The Department of Home Affairs has been ordered to reopen the Refugee Reception Office (RRO) at its premises in Cape Town, which was closed in 2012. FIle picture: Henk Kruger/African News Agency (ANA)
The Department of Home Affairs has been ordered to reopen the Refugee Reception Office (RRO) at its premises in Cape Town, which was closed in 2012. FIle picture: Henk Kruger/African News Agency (ANA)

Reopening of Cape Town refugee office to be managed under judge’s watchful eye

By Mwangi Githahu Time of article published May 13, 2021

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Cape Town - A judge will oversee the process of reopening of the Cape Town Refugee Reception Office, according to a draft order agreed between lawyers for both sides, in a case brought by refugee organisations against the Department of Home Affairs.

The lawyers have tentatively agreed to have the process subjected to a case management process, overseen by Acting Western Cape High Court Judge Alma De Wet, who made the suggestion after hearing the department’s argument against the appointment of a special master to oversee the reopening of the refugee office.

In their heads of argument, the department acknowledged that the refugee office has not been reopened, but argued that they have concluded a lease agreement for suitable premises.

They said some of the steps that still need to be taken – to open a fully functional refugee office – include getting an operational budget, the appointment of personnel, and the acquisition of IT equipment.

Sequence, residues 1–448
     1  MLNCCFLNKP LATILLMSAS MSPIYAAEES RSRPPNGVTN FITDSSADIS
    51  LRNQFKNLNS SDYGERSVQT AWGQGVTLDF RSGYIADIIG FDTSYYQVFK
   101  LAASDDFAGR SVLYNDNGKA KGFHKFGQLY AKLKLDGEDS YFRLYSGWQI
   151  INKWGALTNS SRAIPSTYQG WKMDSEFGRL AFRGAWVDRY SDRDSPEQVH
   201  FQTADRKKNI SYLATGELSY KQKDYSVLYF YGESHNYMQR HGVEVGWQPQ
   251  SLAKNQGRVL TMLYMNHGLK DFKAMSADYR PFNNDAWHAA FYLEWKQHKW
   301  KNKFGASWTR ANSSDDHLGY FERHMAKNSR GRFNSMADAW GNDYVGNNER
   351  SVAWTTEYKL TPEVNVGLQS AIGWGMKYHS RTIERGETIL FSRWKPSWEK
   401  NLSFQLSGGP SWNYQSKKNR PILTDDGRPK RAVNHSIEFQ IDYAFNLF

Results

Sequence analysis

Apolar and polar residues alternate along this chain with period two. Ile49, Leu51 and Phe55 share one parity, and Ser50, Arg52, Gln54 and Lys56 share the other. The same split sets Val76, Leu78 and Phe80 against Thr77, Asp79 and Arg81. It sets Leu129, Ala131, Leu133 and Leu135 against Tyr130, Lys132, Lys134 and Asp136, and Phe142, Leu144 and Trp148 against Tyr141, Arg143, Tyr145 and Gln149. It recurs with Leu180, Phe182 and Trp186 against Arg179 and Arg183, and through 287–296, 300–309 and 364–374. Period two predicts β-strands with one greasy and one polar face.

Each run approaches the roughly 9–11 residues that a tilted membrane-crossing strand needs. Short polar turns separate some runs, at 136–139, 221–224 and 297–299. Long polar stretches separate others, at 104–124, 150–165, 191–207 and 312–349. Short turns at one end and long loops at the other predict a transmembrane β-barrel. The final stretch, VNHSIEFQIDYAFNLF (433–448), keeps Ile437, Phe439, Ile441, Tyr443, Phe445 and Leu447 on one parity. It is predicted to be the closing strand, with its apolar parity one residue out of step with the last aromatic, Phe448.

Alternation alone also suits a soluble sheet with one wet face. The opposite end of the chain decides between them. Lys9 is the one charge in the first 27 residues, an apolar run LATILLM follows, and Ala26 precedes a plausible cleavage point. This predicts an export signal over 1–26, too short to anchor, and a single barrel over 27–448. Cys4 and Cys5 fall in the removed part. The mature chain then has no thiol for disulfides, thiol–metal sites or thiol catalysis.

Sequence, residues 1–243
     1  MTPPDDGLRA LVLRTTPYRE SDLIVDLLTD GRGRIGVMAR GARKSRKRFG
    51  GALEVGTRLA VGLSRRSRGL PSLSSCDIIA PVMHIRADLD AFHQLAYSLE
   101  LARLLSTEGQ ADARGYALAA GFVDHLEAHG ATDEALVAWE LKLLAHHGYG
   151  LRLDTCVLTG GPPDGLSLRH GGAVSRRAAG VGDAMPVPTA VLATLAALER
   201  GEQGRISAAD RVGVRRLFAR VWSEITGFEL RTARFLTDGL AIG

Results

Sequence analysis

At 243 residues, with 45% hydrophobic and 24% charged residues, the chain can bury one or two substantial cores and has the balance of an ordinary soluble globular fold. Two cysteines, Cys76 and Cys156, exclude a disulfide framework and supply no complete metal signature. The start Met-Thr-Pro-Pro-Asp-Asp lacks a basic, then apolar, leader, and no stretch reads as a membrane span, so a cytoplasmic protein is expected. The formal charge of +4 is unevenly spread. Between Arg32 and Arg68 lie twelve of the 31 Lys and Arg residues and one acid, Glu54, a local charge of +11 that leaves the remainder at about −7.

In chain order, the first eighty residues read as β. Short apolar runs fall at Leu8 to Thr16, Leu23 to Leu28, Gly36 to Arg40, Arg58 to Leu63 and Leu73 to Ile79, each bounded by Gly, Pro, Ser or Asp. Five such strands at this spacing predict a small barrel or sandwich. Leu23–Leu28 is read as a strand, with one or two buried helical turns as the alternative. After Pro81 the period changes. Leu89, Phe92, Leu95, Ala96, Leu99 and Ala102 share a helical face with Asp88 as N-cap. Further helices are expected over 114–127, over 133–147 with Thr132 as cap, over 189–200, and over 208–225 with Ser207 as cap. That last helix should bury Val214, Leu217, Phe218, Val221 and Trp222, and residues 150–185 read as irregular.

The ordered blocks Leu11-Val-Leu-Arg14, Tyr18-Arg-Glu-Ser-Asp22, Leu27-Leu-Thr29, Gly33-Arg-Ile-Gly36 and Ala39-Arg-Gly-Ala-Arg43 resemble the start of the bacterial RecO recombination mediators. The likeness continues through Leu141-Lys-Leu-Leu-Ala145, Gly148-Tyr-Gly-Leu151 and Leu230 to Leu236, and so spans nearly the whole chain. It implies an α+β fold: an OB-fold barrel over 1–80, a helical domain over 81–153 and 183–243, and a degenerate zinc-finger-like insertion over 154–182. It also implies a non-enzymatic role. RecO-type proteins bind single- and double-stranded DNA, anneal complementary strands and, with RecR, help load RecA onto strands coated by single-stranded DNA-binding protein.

In Judge De Wet’s proposed court-managed process, both sides will make a monthly report to her on progress made towards the reopening of the refugee office.

After asking the lawyers to come up with a workable process, the judge adjourned the case for more than an hour, following which the lawyers presented her with a draft order on how the case management should proceed.

Having perused the draft, the judge felt the parties needed more time to hammer out the finer details and it was agreed that the court would reconvene on Friday this week.

“I do think you need a little more time because one must actually look at the details as to what we are going to discuss at the monthly briefings and where we are going, otherwise we’ll have meaningless meetings,” said Judge De Wet.

The Scalabrini Centre and the Somali Association of South Africa, represented by the Legal Resources Centre, had gone to court – accusing the department of a failure to comply with court orders to reopen the office.

Meanwhile, Sonke Gender Justice, who were granted permission to appear as friends of the court in the case, were represented by Lawyers for Human Rights.

The refugee office was closed in 2012, meaning that refugees could only apply for asylum in Pretoria, Durban, or Musina – a state of affairs which the Supreme Court of Appeal and the Western Cape High Court agreement that this situation unfairly penalised refugees in Cape Town.

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